Protests during the national anthem dominated the NFL on Week 3 Sunday. Here’s a rundown of what’s happened and why.
When did the anthem protests begin?
Former San Francisco 49ers quarterback Colin Kaepernick began kneeling during the national anthem during the 2016 preseason. Since then, other players have joined him in some form of protest, either kneeling or sitting, including notables such as the Seattle Seahawks’ Michael Bennett.
Why are the protests happening?
Kaepernick began his protest to draw attention to racial injustice and police brutality. Bennett has said on several instances that he has sought to promote social equality, using his anthem stance to draw attention to his cause. The players have stressed that they love America and want it to be a stronger, more inclusive country.
Are the players criticizing the military?
The players who have spoken to the media about their protests have taken pains to emphasize that their protests are not aimed at disrespecting the military’s service. Symbols and anthems hold different meanings for different people, with some fans saying the anthem is a symbol of military sacrifice, and others saying the anthem honors the right to differing opinions. But while many fans have taken offense to the players’ protests, the players themselves have made it clear their statements are not aimed at the military.
Why are so many protests happening today?
On Friday night, President Trump called out players who kneel during the anthem, saying any “son of a bitch” who kneels ought to be fired. That didn’t sit well with either players or team owners in the league. The players clapped back at the president on Twitter, and teams issued statements supporting their players’ right to speak their minds peacefully. That enraged Trump, who blasted the NFL and its owners on both Saturday and Sunday. So Trump, by criticizing both the NFL and its players, managed to bring both owners and players together, and also managed to spark the protests to unheard-of levels.
Why do they have to protest during games? Why can’t they do it some other place?
The entire point of a protest is to cause discomfort, to force a change in the status quo without inciting violence, whether it’s a march or a sit-in or kneeling during an anthem. A player holding a protest in his kitchen isn’t going to draw the same attention to his cause as a player protesting before a nationally televised football game. And as we saw last month in Charlottesville, Virginia, there are far more devastating ways that a protest can go than simply taking a knee during the anthem.
Why can’t players who make millions be satisfied with that? Why can’t they stick to sports?
Because they’re human beings, who have opinions beyond wanting to win football games. Also, many wish to use their fame to create some positive change, and because in 2017, politics have touched every corner of our lives, like it or not.
Are protests causing the NFL’s drop in ratings?
Definitely. But the question of how much is open to broad interpretation. Polls have shown that as many as half of the NFL’s fans are opposed to the protests. But ratings have only fallen — when they’ve fallen; some games are way up — by a much smaller margin than that. And there are other factors to consider, including other entertainment options, dull games, hurricane coverage, and the like. Surely some fans have given up on the NFL, but it’s impossible to measure their specific impact on the decline in ratings.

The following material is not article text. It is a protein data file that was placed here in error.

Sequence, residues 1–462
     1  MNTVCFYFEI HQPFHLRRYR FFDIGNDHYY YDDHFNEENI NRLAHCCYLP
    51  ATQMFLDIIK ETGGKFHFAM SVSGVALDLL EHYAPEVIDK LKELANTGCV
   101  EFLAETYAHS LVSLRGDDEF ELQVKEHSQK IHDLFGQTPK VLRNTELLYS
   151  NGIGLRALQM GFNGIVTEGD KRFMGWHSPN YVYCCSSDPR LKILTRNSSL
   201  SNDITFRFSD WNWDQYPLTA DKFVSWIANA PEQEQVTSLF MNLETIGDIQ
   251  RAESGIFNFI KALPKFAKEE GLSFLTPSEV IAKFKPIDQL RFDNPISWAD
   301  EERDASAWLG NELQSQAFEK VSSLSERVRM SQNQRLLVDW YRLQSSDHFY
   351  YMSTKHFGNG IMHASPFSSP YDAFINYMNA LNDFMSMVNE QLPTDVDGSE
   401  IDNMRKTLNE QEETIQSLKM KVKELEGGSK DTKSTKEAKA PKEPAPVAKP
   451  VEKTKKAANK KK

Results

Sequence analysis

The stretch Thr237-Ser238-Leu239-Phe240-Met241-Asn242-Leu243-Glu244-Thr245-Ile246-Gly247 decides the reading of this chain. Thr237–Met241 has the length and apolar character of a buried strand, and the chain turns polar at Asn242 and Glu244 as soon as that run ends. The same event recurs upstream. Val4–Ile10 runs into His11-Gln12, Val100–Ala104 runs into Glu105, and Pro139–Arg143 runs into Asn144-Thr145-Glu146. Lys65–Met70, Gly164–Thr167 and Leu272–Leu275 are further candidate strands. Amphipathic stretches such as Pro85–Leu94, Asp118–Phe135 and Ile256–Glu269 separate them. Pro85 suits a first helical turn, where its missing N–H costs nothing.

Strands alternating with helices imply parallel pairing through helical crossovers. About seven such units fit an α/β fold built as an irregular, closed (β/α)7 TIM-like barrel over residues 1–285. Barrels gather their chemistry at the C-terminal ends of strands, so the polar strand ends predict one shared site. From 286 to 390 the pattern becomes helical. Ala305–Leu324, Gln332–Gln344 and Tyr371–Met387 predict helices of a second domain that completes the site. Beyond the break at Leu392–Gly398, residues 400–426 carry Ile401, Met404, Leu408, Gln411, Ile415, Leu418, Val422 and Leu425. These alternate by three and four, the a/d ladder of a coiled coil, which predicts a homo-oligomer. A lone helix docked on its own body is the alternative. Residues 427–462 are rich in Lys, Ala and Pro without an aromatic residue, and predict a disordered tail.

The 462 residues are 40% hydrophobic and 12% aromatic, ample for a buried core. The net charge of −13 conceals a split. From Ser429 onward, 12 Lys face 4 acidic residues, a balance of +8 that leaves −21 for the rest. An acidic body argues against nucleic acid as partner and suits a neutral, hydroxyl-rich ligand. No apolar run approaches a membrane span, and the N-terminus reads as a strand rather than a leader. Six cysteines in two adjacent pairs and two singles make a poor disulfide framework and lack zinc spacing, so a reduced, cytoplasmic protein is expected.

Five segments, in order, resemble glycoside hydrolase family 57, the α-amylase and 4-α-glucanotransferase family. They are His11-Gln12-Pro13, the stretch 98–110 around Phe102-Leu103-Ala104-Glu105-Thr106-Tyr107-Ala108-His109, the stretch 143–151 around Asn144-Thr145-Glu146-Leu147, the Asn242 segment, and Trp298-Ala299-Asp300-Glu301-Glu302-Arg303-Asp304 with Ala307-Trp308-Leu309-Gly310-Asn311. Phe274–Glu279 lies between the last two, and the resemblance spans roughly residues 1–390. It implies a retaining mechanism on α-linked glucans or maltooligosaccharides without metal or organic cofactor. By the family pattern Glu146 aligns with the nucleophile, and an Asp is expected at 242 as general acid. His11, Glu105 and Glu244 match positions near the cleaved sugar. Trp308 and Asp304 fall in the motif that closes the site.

What about the players’ right to free speech?
This is a key point that’s often misunderstood on the Internet: free speech isn’t freedom from consequences. Players are free to say what they want, but they can suffer consequences from that, including booing, loss of sponsors, even loss of a job.
“Free speech” only protects you from government intervention. Now, Trump’s comments about how the players ought to be fired starts to bump up against free speech protections … but absent that, the players can say what they wish, when they wish and must accept the consequences.
Can the owners fire the players for protesting?
In theory, team owners could fire players for anything they wish. In practice, it’s a lot more complicated than that. For starters, players under contract would be owed the balance of their contract, which can stretch for years. Plus, “kneeling during the anthem,” while it may be infuriating to fans, may not rise to the level of conduct that warrants dismissal under NFL union agreements … and particularly not now that several owners have issued statements supporting their players’ right to free speech or linked arms in solidarity with their players on the sideline. Regardless of the president’s demands, simply “firing” a player for kneeling would be an invitation for a lawsuit, intervention from the players’ union, and years of headaches for little guarantee of a positive result. You thought deflate-gate was bad? Imagine how bad Kneelgate would be.
What comes next after protests?
That’s the big question, isn’t it? Kaepernick has already donated nearly a million dollars to various charitable causes. And other players have undertaken similar outreach efforts, with more hopefully in the works. Four current and former players have asked commissioner Roger Goodell for his assistance in helping further their goals of racial equality. It’d be a shame to waste all the unity created this weekend.
Jay Busbee is a writer for Yahoo Sports and the author of EARNHARDT NATION, on sale now at Amazon or wherever books are sold. Contact him at firstname.lastname@example.org or find him on Twitter or on Facebook.